- Demonetisation was implemented with the intention of adding identities to the cash holdings in the economy. With the return of Rs 15.28 lakh crore, almost the entire cash holding of the Indian economy now has an address. Nevertheless, questions have also been raised about the success on detecting counterfeit currency, and thus of this aspect of demonetisation as well. Let us look at Table VIII.8 of the Annual Report below:
The table makes it explicitly clear that there was a large increase in the detection of fake notes of the Rs 500 and Rs 1,000 denominations.
Here is what the report itself says: “During 2016-17, 762,072 pieces of counterfeit notes were detected in the banking system, of which 95.7 per cent were detected by commercial banks… Detection of counterfeit notes was 20.4 per cent higher than the previous year. Barring Rs 100, the detection of counterfeit notes increased across denominations – notably, Rs 500 and Rs 1,000 — during 2016-17…”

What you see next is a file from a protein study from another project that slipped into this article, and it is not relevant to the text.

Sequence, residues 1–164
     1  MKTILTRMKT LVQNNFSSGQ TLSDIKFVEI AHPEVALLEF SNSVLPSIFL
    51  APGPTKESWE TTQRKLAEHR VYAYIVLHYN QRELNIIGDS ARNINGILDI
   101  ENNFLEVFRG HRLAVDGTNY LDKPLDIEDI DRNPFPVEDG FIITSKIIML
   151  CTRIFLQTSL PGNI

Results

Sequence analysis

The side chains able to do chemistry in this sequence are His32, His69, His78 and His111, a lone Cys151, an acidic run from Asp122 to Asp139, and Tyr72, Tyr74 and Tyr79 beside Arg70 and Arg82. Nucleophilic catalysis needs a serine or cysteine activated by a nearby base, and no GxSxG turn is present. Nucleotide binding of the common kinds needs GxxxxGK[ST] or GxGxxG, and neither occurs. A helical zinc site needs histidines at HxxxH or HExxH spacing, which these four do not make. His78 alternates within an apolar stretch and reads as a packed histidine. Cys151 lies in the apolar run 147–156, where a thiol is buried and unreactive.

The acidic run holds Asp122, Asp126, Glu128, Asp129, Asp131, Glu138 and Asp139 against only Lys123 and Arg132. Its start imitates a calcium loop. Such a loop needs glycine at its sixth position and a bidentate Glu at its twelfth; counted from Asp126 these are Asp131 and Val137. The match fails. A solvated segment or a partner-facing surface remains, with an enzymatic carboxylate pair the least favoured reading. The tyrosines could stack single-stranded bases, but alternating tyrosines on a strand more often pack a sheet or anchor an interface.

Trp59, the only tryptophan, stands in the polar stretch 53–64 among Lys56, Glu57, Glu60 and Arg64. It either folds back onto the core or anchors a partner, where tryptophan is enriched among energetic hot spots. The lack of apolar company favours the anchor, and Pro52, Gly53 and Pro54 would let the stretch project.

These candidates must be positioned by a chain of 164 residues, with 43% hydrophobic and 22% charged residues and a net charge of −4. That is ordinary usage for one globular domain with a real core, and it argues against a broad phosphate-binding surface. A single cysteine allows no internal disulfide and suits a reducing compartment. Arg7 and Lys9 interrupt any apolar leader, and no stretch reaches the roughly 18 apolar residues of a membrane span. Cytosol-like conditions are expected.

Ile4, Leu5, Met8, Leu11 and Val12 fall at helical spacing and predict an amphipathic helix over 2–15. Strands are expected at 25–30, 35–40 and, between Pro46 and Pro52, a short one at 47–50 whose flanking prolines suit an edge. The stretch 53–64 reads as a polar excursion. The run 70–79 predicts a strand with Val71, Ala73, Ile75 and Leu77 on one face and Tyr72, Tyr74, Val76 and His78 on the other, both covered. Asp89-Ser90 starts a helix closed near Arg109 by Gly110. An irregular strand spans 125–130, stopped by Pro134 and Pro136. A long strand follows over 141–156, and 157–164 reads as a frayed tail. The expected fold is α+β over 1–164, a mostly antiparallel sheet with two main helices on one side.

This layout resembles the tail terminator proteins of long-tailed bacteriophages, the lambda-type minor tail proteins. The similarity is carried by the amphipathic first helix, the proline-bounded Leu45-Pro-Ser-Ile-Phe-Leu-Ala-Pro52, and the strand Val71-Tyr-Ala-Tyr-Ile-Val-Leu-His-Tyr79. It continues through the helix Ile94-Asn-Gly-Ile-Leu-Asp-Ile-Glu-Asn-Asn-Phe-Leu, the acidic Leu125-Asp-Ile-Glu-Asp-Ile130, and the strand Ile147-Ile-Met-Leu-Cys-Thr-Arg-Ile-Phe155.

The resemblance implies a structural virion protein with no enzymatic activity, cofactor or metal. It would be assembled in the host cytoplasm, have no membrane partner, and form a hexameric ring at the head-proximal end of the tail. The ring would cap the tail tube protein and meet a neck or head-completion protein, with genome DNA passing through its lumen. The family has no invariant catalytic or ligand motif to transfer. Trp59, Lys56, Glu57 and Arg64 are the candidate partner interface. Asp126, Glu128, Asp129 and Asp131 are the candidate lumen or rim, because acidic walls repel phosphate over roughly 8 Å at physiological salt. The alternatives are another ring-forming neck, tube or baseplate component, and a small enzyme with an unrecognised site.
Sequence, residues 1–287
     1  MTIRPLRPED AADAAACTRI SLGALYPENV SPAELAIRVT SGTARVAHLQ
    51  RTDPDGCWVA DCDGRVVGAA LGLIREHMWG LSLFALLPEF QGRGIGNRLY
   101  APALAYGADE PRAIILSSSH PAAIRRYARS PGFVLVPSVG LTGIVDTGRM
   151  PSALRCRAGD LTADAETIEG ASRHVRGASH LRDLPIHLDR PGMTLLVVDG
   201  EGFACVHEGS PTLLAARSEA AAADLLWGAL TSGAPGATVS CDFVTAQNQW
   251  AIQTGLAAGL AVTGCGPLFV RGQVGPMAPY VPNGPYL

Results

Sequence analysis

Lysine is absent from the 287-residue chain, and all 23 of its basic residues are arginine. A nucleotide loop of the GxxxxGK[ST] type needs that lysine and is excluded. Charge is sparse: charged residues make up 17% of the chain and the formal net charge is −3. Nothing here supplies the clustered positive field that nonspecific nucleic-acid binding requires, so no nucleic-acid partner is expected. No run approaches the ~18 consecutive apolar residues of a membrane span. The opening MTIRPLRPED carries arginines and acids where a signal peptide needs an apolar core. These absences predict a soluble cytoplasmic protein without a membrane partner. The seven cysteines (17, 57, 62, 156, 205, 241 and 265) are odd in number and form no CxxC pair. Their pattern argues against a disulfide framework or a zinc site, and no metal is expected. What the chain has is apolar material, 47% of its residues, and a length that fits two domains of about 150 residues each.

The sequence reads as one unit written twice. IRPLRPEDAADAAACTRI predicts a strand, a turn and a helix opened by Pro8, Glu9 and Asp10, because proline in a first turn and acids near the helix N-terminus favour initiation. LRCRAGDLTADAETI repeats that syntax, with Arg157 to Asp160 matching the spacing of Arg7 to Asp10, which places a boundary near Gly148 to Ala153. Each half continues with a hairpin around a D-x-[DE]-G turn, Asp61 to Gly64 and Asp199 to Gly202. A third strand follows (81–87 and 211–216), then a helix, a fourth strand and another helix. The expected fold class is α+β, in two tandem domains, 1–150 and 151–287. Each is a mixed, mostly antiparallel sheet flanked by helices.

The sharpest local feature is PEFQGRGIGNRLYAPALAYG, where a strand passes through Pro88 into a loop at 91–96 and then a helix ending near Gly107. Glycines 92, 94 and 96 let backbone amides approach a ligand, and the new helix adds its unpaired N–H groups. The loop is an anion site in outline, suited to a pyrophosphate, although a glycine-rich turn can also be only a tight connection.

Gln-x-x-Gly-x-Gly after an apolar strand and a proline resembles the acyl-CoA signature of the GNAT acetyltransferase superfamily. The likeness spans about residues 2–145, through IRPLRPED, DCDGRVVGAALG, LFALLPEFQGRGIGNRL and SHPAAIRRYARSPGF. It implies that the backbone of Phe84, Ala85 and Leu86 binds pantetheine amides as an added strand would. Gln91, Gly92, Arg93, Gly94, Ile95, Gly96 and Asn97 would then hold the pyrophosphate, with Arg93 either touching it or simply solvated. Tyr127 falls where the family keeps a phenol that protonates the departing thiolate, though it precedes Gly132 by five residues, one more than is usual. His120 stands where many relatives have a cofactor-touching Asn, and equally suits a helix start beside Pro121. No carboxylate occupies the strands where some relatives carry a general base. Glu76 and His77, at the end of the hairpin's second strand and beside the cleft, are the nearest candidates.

A similar increase in seen also in the number of suspicious transaction reports filed, as seen in Table VIII.9 of the RBI report:
As we can see, the number of Suspicious Transaction Reports filed by banks during 2016-17 went up from 61,361 in 2015-16 to 3,61,214; the increase for financial institutions is from 40,333 to 94,836, and for intermediaries registered with SEBI, the increase is from 4,579 to 16,953.
6. A specifically important objective of demonetisation was making the economy less cash-defined and thus reducing the black money in the system. The reduction of currency in circulation, more than 21% from the base scenario, shows that this intended objective has been met. As our Data Story “Demonetisation – A Success for Digital Payments” makes it amply clear, demonetisation has left no doubt about its positive impact on the cashless economy. Let us look at Table VIII.1 from the RBI report:
As we can see from the table above, banknotes in circulation declined by 20.2% over the year to Rs 13.1 lakh crore in March 2017. This is clear evidence of the economy going more and more cashless. Paragraph I.20 from the RBI report is significant to understand where currency in circulation stands: